Needless to say, footspeed and stamina are very important if you fight this way; you can't afford to get flat-footed. So, do plenty of roadwork and if you think you really need to get to a higher level, running backwards can help a lot. Gene Tunney (watch his footwork and how he is still going by the 10th round) used to do this a lot.


Since he will want to counter your shots, you have to vary your offensive. Learn to hook off the jab! It's a very difficult technique, but very effective and in my opinion somewhat underrated. When he won't know what's coming, you have a higher chance of getting in a clean shot. Watch 6:16 of this video how devastating it can be when he expects a jab but get nailed with a big left hook:

BORKED


Countering method #2:


The opponent wants to make it a brawl and it's your job to neutralize this as much as possible. One way to do this, is to simply tie him up or lean against him, where he can't hit you. Some people would consider this an unmanly tactic, but it's more manly than getting knocked out. You simply need to stop him from rushing forward because you can't constantly back up and be effective.

Choose your offensive moments but don't allow him to control you. Lean on him and walk him back; he is most effective when coming forward, not backward. Holyfield controlled an onrushing Tyson by pushing him back and clinching him. Douglas vs Tyson, same story. Cotto was dead tired after the 9th because he never tied Margarito up earlier. Mosley did, and had plenty left in the 9th to score a knockout. Of course you won't be fighting 12 rounders, but i can guarantee that it will be longest 8 minutes of your life if you have to run or slug with a slugger for four rounds.



Other kinds of styles:

Facing the counter puncher

Teddy atlas always says "counter the counter puncher", but i think this is more something that sounds cool rather than really sound, practical advice.
However, you can make it work under certain conditions. Some boxers have a tendency to use the same countering habits. For instance, some will duck away slightly from your jab or block it, and then fire their own. Then it's a good idea to throw a jab, immediately followed by going low, under his jab and come over the top with a hard right hand or left hook if you please.
Keeping a high guard at all times is certainly important.


As stated before, mixing up your offensive ways and movement to not become predictable is very important, but even more so in this case. He can't counter a move that he can't see. Vary pawing jabs with triple hard jabs, hook off it, throw in the odd right hand lead, body shots, etc.

Something else that works nicely is feinting. This goes back to Atlas' saying: you make a feint, knows something of his is coming and take it from there. Some boxers also have a tendency to stick out or even push their hand to block your jab. A feint is great here, once their hand is out, bring a straight right over the top, or a left hook if he's using the right hand.


If he's really too fast and skilled for you, then you can always resort to method #2 as mentioned above. That way you will take away his advantage by overwhelming him.

....Part II coming up
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Old 04-03-2009, 06:35 AM   #2
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Default Re: General strategic advice guide

Part II



Fighting a southpaw

I ****ing hate boxing southpaws, just thinking about it makes me angry.
But here are some things that might help:

-The jab is less effective against them, so unless you have a large reach advantage, don't rely on it too much, as it gives them countering opportunities. Their forward hand is right in front of yours, that's why they can intercept a jab easily.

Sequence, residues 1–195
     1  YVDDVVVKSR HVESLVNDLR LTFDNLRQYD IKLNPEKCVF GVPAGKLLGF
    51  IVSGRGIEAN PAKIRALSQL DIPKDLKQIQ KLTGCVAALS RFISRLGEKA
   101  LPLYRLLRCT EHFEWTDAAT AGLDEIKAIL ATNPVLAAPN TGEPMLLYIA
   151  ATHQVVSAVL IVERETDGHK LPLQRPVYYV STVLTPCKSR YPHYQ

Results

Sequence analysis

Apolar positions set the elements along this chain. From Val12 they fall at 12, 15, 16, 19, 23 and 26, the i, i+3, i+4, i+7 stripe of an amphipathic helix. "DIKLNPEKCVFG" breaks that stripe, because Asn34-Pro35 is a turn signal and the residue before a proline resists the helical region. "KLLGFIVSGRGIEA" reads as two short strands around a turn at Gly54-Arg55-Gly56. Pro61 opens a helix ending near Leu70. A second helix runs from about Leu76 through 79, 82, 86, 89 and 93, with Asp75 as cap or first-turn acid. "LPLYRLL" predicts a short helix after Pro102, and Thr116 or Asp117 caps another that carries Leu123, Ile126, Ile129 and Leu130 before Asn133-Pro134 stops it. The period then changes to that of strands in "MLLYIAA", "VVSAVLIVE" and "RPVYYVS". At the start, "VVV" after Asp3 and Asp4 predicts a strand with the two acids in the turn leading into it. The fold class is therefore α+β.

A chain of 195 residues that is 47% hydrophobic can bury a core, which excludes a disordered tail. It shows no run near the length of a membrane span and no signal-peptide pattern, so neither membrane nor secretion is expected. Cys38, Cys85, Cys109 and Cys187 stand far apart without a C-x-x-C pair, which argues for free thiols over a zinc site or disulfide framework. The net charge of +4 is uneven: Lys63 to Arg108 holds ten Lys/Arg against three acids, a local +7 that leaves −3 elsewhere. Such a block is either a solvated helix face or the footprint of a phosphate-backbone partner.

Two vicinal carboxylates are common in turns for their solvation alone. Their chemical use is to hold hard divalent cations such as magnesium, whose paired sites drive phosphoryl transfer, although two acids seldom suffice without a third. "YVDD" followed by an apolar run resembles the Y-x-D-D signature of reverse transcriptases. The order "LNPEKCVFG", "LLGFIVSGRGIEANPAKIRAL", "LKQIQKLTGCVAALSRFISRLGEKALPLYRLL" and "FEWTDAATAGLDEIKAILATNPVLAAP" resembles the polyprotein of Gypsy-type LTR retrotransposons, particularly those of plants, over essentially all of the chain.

-Straight right hand and left hook leads can work really well, for the same reasons jabs do not work well: the right hand comes from the other side, so gets past his guard easier, and your left can go around his right.

-Adept your guard a bit. Normally, you're using your right hand on the side of your face to block left hooks, but now you need it a bit more in front, to block that damn straight left hand. Also, keep your own left hand a bit less extended to block any right hooks.




Fighting a Mayweather-style


I'm sure the style has been done and named before, but for lack of a better name, i'll refer to it as the Mayweather defensive style:

[Only registered and activated users can see links. ]

Keeping the right hand up as well as the left shoulder high so that the face is very well covered as well as the left side of the body. Not many people adopt this style because it requires great skill, calmness under fire and reflexes, but as Floyd showed, it can be very effective.

What works great against it? Combinations. Single shots are easily picked off, but combinations or much harder to defend against.

The right hand to the body is also a great punch because that side usually is a bit exposed, especially while leaning as the picture shows. Best would be combining these two, i.e. a combination that features one or more right hands to the body. Make sure not to over-extend or leaning in because they're always ready to fire a shot.



General advice on lateral movement.

Best is to vary your direction, but you don't want to keep walking into his money punch. So, if you know which hand he throws best with, you can anticipate this in your movement with a really easy rule of thumb: move to the same side from your perspective as his as best side from his perspective. Basically, if he has a great left hook, then you can best move to your left, if he's better with the right hand then you better move to your right, etc.
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Old 04-03-2009, 10:38 AM   #3
haggler2167
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Default Re: General strategic advice guide

good thread for people wanting to learn the basics
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Old 04-03-2009, 10:49 AM   #4